We previously posted about the threshold issue of relevance in social media discovery in the context of EEOC v. Simply Storage, in which the Southern District of Indiana limited broad requests for social media to those relevant to the claimant’s mental and emotional health – specifically, those communications, photographs, and videos that would “reveal, refer, or relate to events that could reasonably be expected to produce a significant emotion, feeling, or mental state.”
Recently, in Mailhoit v. Home Depot USA, Magistrate Judge Suzanne Segal found almost identical requests to be overbroad.
The Court acknowledged that the discovery requests at issue were closely modeled after the requests permitted in Simply Storage. Specifically, the defendants sought discovery of (1) “profiles, postings or messages” from social networking websites that “reveal, refer or relate to any emotion, feeling, or mental state of Plaintiff,” (2) any “communications to Plaintiff that place her own communications in context,” and (3) “pictures of Plaintiff taken during the relevant time period” that had been “posted on Plaintiff’s profile or tagged or otherwise linked to her profile.”
But the Court found that the requests did not satisfy the “reasonable particularity” requirement of Rule 34(b)(1)(A) of the Federal Rules of Civil Procedure and, as such, were “not reasonably calculated to lead to discovery of admissible evidence.” There was no dispute that Plaintiff had put her mental and emotional state at issue, or that it was possible some social media communications might “support or undermine her claims of emotional distress.” Nonetheless, the Court found that “the extremely broad description of the material sought” was vague and did not “put a ‘reasonable person of ordinary intelligence’ on notice of which specific documents and information would be responsive.” For example, the statement, “I hate it when my cable goes out,” would refer to an “emotion, feeling, or mental state of Plaintiff,” but would not be relevant to matters in dispute.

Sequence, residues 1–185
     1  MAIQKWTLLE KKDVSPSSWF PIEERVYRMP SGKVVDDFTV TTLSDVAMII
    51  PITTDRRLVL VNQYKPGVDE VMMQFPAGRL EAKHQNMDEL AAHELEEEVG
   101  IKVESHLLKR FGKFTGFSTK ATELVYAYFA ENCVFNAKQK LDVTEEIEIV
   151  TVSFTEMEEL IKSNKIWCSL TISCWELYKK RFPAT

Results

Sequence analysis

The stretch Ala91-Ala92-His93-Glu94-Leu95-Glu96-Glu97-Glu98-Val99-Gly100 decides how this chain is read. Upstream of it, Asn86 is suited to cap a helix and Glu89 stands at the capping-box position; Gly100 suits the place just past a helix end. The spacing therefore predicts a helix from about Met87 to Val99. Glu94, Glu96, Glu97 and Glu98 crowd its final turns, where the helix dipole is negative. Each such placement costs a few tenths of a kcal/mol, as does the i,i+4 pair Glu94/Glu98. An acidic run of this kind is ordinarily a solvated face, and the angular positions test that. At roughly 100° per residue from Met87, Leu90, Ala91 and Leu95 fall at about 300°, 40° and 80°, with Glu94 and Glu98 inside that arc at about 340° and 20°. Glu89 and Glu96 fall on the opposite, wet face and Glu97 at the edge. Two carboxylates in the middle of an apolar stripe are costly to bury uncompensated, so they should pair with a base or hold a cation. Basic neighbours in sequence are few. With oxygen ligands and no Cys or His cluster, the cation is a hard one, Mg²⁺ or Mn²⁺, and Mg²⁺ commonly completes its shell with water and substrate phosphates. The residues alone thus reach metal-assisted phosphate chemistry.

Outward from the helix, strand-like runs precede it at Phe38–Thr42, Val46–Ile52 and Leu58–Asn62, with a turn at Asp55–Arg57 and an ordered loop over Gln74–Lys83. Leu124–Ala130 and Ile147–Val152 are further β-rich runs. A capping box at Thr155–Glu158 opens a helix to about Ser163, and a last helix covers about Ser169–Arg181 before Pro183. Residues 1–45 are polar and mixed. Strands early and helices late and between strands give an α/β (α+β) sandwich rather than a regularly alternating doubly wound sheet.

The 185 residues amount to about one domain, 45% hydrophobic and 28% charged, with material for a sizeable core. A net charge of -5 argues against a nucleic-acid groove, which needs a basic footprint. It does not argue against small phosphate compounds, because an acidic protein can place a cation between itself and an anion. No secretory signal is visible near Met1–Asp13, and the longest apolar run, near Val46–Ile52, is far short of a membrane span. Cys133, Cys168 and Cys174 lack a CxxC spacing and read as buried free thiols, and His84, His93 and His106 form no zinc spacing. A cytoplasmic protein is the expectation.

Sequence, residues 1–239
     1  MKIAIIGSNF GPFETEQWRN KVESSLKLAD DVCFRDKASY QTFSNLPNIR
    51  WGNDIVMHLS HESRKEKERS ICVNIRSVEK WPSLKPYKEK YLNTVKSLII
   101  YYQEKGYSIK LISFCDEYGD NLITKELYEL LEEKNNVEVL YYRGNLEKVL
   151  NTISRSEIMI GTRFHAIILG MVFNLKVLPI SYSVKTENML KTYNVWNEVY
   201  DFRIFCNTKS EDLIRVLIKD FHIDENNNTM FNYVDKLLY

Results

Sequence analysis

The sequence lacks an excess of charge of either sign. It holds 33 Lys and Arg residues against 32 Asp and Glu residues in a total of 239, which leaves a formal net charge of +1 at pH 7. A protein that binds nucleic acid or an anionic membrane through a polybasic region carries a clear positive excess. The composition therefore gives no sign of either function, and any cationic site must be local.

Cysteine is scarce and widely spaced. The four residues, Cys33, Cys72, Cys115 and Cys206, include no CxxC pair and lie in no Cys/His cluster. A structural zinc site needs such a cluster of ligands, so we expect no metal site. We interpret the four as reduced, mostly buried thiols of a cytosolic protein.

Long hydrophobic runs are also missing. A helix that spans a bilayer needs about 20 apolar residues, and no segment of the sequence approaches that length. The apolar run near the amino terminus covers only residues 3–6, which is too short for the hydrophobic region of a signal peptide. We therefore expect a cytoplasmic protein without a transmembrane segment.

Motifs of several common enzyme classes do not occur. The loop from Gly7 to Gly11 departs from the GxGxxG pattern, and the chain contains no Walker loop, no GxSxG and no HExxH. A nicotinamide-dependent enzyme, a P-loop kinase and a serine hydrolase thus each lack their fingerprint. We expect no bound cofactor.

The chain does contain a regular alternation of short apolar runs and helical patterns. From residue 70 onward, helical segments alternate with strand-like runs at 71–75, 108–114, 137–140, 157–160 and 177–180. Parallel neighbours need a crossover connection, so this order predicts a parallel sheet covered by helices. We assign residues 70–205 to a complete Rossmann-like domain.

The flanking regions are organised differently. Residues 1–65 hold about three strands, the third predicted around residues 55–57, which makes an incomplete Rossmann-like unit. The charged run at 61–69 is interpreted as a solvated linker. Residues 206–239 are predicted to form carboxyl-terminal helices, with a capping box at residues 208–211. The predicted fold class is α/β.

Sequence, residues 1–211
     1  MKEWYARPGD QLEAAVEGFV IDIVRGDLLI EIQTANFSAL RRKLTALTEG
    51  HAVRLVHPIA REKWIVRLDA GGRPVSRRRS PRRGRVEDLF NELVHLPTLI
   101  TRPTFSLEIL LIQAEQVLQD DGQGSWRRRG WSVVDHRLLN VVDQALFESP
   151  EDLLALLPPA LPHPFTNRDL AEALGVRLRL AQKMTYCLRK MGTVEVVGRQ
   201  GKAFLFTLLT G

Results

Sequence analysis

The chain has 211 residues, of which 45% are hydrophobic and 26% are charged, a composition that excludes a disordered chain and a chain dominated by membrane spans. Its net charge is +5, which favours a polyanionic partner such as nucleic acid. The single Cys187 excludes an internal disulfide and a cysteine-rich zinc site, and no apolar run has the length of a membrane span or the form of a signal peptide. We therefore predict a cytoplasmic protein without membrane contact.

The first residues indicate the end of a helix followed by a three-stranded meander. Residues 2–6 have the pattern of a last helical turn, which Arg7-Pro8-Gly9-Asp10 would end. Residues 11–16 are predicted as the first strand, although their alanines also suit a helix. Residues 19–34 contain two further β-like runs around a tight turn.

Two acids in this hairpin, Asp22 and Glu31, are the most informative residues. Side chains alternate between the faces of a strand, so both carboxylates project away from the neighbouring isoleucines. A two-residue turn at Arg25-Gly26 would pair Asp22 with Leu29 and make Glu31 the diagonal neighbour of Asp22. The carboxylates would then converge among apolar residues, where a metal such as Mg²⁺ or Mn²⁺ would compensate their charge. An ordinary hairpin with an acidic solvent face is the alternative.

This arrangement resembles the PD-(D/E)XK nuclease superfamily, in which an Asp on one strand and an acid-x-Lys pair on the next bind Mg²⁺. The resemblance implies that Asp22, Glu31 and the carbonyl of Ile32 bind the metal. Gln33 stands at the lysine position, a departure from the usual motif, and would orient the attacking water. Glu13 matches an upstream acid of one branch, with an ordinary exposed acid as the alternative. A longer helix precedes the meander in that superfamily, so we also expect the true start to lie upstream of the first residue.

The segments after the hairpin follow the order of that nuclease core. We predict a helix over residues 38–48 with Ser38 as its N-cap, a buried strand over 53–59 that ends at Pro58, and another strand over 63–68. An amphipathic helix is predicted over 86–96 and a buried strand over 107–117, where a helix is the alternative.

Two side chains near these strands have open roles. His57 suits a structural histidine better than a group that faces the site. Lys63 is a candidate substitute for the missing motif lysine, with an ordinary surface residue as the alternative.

By contrast, the Court approved of a fourth request for “social networking communications between Plaintiff and any current or former Home Depot employees,” and any communications referring or pertaining “to her employment at Home Depot.” The Court found that the request put Plaintiff “on notice of the materials to be produced” and was “reasonably calculated to lead to the discovery of permissible evidence.”
Bottom line – while courts are likely to approve tailored request for social media, they will not grant a “generalized right to rummage at will” through social networking sites.